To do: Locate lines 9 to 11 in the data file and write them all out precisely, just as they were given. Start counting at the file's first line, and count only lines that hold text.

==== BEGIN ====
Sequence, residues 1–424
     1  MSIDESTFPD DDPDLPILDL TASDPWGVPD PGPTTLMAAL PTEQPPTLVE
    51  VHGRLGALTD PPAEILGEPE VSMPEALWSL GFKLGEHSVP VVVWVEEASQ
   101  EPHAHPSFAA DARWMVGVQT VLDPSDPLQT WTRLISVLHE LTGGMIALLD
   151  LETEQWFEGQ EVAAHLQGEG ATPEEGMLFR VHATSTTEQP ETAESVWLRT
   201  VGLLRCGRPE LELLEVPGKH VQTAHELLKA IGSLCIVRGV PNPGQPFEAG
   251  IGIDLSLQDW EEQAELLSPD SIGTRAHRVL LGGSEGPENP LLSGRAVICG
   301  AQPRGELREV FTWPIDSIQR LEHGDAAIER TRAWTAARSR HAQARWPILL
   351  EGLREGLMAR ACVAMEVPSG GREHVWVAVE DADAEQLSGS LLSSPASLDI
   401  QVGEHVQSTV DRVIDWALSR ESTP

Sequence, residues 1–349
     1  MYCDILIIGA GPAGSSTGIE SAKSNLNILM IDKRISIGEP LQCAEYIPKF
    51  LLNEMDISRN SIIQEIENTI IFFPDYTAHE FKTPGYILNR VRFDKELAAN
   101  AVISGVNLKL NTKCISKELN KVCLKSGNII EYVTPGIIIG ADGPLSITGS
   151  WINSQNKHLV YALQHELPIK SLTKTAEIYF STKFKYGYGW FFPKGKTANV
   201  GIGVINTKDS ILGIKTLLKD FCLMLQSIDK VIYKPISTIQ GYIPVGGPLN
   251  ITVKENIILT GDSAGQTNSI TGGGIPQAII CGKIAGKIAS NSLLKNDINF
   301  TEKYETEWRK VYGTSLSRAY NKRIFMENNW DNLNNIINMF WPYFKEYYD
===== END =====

   351  EGLREGLMAR ACVAMEVPSG GREHVWVAVE DADAEQLSGS LLSSPASLDI
   401  QVGEHVQSTV DRVIDWALSR ESTP

Sequence, residues 1–349